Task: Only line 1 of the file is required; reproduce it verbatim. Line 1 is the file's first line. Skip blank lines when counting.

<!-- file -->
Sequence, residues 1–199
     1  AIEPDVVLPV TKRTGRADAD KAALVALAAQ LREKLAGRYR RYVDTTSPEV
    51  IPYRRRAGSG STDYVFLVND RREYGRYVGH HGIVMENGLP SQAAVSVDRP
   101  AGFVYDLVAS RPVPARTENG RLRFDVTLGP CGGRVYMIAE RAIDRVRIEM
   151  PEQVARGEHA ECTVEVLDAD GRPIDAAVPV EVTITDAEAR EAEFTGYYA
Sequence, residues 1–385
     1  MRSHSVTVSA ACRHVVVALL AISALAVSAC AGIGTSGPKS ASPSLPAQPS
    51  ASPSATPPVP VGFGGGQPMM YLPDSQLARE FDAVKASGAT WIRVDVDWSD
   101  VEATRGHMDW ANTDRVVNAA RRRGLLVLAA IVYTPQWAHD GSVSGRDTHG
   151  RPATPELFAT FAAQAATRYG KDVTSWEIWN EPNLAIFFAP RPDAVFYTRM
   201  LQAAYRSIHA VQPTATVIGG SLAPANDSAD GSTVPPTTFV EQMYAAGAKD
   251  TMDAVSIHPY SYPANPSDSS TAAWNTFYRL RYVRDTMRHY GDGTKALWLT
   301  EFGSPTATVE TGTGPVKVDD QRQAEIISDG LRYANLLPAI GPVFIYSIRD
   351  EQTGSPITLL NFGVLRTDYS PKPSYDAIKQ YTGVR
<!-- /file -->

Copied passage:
Sequence, residues 1–199